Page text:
INTEGRATED ANNUAL REPORT
March 2020 - February 2021
THIS IS SOLIDARITY
IN 2020, THE WORLD CHANGED.
South Africa, like the rest of the world, faced an enemy like no other. One that would turn our world upside down and test us to our limits.
Because of this enemy, we had to stay apart. But, to overcome it, we would have to stand together.
Seeing the devastation the COVID-19 pandemic was wrecking in other countries, we knew we had to act, and act fast – as one – to lessen the deadly impact this disease would bring.
And so, we came together. From all walks of life – those with plenty and those with very little – we came together. Through the Solidarity Fund, we opened our hearts and our wallets. We gave of our money, we gave of our time, and we gave of our knowledge, expertise and experience.
And together we are making a difference. We are helping those who need it most. We are helping to save lives and to bring hope.
This is the story of how, together, we are meeting the challenges the pandemic throws at us and are standing together in our hour of need.
This is your story.
TABLE OF CONTENTS
THE SOLIDARITY FUND STORY
The Solidarity Fund was set up with unprecedented speed and agility.
Tabled by business and government on March 16, 2020, within the first week the basic structure, focus areas and governance principles of the Fund were defined; registration as a public benefit organisation began; a brand design and website were created; a bank account opened; and the Board Chair and Deputy Chair identified. The first board meeting took place on April 9, with the first procurements of much needed personal protection equipment (PPE) taking place in early April.
The Fund continues to operate with this speed and agility, raising and disbursing significant resources where it can have the greatest impact on the pandemic response.
Thanks to your overwhelming generosity, the Fund has mobilised a staggering amount of funding in just a few months, receiving R3 billion by 24 July 2020.
VOLUNTEER, PRO BONO, SECONDMENT AND IN-KIND SUPPORT
Beyond financial donations, the Solidarity Fund also benefits from tremendous support to help the organisation fulfil its mandate and implement its day-to-day work.
All those working for the Fund are volunteers or seconded on a pro bono basis from over 100 well- respected companies. In addition, all legal, IT, accounting, communications, fund management, and many other services are provided pro bono.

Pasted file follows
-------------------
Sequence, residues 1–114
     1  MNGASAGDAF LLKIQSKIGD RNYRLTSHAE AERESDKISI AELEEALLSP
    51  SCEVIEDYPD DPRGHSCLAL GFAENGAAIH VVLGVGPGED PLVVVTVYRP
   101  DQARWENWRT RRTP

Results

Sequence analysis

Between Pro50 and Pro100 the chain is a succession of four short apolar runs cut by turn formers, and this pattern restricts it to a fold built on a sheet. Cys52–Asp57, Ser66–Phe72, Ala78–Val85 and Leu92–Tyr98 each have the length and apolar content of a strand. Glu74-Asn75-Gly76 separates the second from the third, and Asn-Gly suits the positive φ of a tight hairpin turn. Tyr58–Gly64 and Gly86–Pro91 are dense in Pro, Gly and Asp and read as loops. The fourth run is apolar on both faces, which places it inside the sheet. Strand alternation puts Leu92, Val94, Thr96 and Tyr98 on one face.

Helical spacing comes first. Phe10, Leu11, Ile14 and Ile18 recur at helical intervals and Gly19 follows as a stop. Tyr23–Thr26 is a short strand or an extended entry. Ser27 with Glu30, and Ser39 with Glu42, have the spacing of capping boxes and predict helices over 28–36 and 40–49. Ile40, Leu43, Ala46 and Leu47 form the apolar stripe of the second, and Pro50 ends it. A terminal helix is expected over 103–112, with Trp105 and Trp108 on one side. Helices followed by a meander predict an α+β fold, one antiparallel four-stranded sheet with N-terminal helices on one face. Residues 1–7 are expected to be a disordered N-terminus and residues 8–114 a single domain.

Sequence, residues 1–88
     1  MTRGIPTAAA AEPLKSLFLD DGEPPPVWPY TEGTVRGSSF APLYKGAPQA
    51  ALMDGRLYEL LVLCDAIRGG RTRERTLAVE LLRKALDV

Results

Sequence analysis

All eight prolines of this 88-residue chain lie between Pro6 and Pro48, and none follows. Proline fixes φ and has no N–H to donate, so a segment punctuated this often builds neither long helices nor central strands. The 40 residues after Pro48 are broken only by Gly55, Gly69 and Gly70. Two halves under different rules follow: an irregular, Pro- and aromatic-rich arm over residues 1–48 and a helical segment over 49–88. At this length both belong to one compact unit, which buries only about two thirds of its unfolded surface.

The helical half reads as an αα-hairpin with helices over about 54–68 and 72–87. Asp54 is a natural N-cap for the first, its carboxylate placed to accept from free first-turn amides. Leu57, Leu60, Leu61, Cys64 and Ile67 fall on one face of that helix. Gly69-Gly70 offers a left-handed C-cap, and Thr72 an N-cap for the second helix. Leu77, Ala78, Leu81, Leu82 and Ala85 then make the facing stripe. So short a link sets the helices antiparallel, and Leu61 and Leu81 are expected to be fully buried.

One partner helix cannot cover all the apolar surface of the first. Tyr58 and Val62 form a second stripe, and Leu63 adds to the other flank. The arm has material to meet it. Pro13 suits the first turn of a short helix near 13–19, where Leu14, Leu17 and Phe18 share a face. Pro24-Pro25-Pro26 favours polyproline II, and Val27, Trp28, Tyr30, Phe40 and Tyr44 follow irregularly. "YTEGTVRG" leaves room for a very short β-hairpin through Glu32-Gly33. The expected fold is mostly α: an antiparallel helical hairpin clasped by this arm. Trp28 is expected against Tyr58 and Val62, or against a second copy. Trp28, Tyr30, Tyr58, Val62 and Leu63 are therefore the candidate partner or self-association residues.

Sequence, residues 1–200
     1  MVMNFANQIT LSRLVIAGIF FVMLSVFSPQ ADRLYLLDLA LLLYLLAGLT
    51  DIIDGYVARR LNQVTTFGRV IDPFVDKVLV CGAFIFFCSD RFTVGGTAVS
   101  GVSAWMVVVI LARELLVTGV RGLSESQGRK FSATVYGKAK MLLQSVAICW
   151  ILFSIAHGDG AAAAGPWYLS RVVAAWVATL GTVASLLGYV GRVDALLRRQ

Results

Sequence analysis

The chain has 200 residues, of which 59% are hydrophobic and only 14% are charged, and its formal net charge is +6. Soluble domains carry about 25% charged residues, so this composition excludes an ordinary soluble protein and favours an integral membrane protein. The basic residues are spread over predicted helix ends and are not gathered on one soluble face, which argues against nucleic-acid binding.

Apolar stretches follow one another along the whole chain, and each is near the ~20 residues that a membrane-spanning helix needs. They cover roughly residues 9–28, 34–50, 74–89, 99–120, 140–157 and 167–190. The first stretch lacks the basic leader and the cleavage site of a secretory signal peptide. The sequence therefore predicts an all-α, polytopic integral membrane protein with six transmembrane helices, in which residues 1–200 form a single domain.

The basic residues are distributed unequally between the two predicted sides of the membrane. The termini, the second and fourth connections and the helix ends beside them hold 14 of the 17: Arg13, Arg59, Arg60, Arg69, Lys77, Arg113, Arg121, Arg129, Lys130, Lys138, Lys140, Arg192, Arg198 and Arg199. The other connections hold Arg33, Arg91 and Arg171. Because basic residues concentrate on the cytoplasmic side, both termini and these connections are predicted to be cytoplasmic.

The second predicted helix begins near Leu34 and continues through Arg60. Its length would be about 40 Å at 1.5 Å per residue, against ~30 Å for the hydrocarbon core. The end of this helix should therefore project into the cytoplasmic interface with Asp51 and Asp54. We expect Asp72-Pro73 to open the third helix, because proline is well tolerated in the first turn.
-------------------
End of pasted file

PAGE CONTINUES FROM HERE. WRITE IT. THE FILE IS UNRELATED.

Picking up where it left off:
The Fund does not pay any salaries and has not incurred any core expenses, enabling it to direct the full amounts donated to creating impact.
Types of expertise and capacity donated to the Fund
WHERE YOUR MONEY IS GOING
The Fund is organised around three focus areas chosen for their potential to reach the areas of highest need and have the greatest impact.
The health response focuses on strengthening the health system to cope with the surge in demand from the pandemic, and protecting those at the frontline of the response.
The humanitarian response focuses on protecting vulnerable South Africans at increased risk of hunger and gender-based violence because of the lockdown and pandemic response measures.
The communications effort focuses on promoting positive behaviours to help slow the spread of the virus and stay safe.
HOW THE FUND IS GOVERNED
The Solidarity Fund is deeply committed to ensuring it protects and uses the generous donations it receives in the most effective and impactful way possible.
It was established to be completely independent while working closely with government, the private sector and civil society to implement its programmes.
The Board and the Executive Committee are committed to ensuring that the Fund operates with agility, integrity and transparency, ensuring:
- all donations are screened, recognised, accounted for and effectively managed;
- disbursements are aligned with the Fund’s mandate; and
- its impact is measured and reported.
The Solidarity Fund does not implement projects directly itself. All our projects are implemented through various trusted partners, vetted and transparently contracted by the Fund.
The Fund’s governance framework articulates the comprehensive set of decision-making, approval and oversight arrangements the Fund employs to discharge its mandate.
SUMMARY ANNUAL FINANCIAL STATEMENTS
25 March 2020 - 28 February 2021
This summarised financial statement is extracted from the audited financial statements but is not itself audited. The annual financial statements were audited by PricewaterhouseCoopers Inc, who expressed a modified opinion thereon. Access the full annual financial statements presentation here.
HOW YOU'VE MADE A DIFFERENCE
Strengthening the health sector to respond to the COVID-19 pandemic
Seeing what was happening across the world, we knew it was critical to support and reinforce South Africa’s health system to cope with the added pressure the pandemic would bring.